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Atypical antipsychotic drugs and the risk for acute kidney injury and other adverse outcomes in older adults: a population-based cohort study

Published: August 19, 2014
Category: Papers
Authors: Dixon SN, Gandhi S, Garg AX, Hwang YJ, Nash DM, Pannu N, Parikh CR, Rehman F, Reiss JP, Shariff SZ, Wald R
Country: Canada
Language: null
Type: Population Health
Settings: Hospital, PCP

Ann Intern Med 161:242-248.

London Health Sciences Centre, London, ON, Canada; St. Michael’s Hospital, Toronto, ON, Canada; Yale University and Veterans Affairs Medical Center, New Haven, CT, USA; University of Alberta, Edmonton, AB, Canada; University Hospital, London, ON, Canada

BACKGROUND: Several adverse outcomes attributed to atypical antipsychotic drugs, specifically quetiapine, risperidone, and olanzapine, are known to cause acute kidney injury (AKI). Such outcomes include hypotension, acute urinary retention, and the neuroleptic malignant syndrome or rhabdomyolysis.

OBJECTIVE: To investigate the risk for AKI and other adverse outcomes associated with use of atypical antipsychotic drugs versus nonuse.

DESIGN: Population-based cohort study.

SETTING: Ontario, Canada, from 2003 to 2012.

PATIENTS: Adults aged 65 years or older who received a new outpatient prescription for an oral atypical antipsychotic drug (n=97,777) matched 1:1 with those who did not receive such a prescription.

MEASUREMENTS: The primary outcome was hospitalization with AKI (assessed by using a hospital diagnosis code and, in a subpopulation, serum creatinine levels) within 90 days of prescription for atypical antipsychotic drugs.

RESULTS: Atypical antipsychotic drug use versus nonuse was associated with a higher risk for hospitalization with AKI (relative risk [RR], 1.73 [95% CI, 1.55 to 1.92]). This association was consistent when AKI was assessed in a subpopulation for which information on serum creatinine levels was available (5.46% vs. 3.34%; RR, 1.70 [CI, 1.22 to 2.38]; absolute risk increase, 2.12% [CI, 0.80% to 3.43%]). Drug use was also associated with hypotension (RR, 1.91 [CI, 1.60 to 2.28]), acute urinary retention (RR, 1.98 [CI, 1.63 to 2.40]), and all-cause mortality (RR, 2.39 [CI, 2.28 to 2.50]).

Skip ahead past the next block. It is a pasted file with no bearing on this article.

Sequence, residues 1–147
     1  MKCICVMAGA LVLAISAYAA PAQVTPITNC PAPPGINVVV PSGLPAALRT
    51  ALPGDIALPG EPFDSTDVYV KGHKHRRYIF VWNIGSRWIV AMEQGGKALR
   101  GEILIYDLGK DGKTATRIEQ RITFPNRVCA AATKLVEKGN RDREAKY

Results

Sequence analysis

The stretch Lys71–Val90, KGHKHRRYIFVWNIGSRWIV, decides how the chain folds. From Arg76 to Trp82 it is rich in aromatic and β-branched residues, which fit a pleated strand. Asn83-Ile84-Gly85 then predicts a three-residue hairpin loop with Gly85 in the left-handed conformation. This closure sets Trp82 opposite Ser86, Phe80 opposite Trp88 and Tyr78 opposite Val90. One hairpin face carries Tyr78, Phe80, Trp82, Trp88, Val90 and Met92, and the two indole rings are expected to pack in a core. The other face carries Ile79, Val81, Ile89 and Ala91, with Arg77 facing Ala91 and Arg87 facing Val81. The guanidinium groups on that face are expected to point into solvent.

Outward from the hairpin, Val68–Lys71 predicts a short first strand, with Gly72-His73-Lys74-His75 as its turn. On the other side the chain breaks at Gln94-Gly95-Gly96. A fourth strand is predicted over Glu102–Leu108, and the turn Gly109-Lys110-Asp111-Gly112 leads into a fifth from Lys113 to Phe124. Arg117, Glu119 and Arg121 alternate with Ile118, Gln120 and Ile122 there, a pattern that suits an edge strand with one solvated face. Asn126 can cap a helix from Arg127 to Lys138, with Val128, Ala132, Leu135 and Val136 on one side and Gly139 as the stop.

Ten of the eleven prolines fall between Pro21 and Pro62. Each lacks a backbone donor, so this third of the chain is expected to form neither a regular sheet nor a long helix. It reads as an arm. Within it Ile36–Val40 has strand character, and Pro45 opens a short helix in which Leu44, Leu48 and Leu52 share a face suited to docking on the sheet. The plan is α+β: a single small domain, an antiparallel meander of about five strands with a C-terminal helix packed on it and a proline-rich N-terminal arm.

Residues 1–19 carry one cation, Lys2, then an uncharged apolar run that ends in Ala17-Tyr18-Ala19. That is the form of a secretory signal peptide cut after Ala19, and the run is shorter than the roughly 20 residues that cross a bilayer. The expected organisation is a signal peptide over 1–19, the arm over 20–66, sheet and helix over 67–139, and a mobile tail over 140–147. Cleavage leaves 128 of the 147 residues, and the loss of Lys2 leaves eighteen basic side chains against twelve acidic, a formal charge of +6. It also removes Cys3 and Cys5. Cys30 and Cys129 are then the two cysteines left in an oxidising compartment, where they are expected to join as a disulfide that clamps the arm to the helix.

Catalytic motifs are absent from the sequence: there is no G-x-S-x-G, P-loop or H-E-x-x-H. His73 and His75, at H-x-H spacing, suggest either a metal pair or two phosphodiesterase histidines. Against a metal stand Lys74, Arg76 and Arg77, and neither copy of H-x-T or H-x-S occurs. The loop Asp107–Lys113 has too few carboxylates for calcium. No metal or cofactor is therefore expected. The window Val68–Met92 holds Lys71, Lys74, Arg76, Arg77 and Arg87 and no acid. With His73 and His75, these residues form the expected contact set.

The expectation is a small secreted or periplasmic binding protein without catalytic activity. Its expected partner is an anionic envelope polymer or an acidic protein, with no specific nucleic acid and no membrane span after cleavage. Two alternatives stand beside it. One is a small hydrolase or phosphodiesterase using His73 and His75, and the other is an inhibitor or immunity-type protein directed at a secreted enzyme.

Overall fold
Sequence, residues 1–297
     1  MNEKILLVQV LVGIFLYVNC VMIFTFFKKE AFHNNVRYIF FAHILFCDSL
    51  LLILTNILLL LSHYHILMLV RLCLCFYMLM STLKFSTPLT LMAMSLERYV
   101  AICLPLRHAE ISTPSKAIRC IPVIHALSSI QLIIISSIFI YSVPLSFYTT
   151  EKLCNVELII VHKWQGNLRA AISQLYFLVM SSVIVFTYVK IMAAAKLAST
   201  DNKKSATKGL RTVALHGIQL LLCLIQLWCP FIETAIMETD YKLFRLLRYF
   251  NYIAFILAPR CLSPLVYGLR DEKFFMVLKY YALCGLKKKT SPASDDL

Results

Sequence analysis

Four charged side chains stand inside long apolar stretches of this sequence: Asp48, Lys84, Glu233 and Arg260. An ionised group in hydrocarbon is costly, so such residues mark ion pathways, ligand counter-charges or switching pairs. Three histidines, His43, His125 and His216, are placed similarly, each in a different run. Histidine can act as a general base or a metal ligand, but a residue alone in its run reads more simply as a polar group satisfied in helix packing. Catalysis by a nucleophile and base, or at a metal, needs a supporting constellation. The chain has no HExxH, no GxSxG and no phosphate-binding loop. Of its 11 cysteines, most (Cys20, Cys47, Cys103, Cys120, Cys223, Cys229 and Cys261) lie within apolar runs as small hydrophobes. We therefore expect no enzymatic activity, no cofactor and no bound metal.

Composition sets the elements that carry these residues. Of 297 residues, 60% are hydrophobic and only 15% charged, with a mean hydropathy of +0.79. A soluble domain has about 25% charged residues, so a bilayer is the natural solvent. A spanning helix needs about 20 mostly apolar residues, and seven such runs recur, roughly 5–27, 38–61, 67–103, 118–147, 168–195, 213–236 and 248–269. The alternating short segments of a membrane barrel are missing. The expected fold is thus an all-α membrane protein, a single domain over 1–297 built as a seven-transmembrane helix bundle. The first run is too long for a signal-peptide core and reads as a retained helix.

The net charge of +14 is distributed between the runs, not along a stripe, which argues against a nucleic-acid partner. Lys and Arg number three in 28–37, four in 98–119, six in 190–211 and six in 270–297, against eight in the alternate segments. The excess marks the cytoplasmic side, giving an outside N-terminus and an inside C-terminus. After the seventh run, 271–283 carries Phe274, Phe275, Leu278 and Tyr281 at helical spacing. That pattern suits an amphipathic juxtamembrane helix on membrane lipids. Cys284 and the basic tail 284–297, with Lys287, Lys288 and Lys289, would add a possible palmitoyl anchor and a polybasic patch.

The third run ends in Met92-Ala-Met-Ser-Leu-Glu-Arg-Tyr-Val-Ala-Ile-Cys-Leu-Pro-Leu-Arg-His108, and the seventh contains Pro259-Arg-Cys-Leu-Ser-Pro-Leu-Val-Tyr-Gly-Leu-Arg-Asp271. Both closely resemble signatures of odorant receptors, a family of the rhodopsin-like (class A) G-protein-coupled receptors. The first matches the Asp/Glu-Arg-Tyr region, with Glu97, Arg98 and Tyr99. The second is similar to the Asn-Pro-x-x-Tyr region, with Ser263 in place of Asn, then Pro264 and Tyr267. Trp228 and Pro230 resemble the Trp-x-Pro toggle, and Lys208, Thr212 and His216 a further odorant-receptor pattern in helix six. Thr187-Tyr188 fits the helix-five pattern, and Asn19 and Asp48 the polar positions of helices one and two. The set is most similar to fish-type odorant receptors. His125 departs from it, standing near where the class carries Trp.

LIMITATION: Only older adults were included in the study.

CONCLUSION: Atypical antipsychotic drug use is associated with an increased risk for AKI and other adverse outcomes that may explain the observed association with AKI. The findings support current safety concerns about the use of these drugs in older adults.

Comment in: ACP Journal Club: new use of atypical antipsychotics was linked to acute kidney injury and all-cause mortality at 90 days. [Ann Intern Med. 2015]

PMID: 25133360

Canada,Medications,Age,High Risk,Mortality Prediction,Acute Kidney Injury/diagnosis,Acute Kidney Injury/epidemiology,Age Factors,80 and over,Benzodiazepines/adverse effects,Cause of Death,Creatinine/blood,Dibenzothiazepines/adverse effects,Gender,Hospitalization/statistics & numerical data,Hypotension/chemically induced,Ontario/epidemiology,Quetiapine Fumarate,Retrospective Studies,Risk Factors,Risperidone/adverse effects,Urinary Retention/chemically induced

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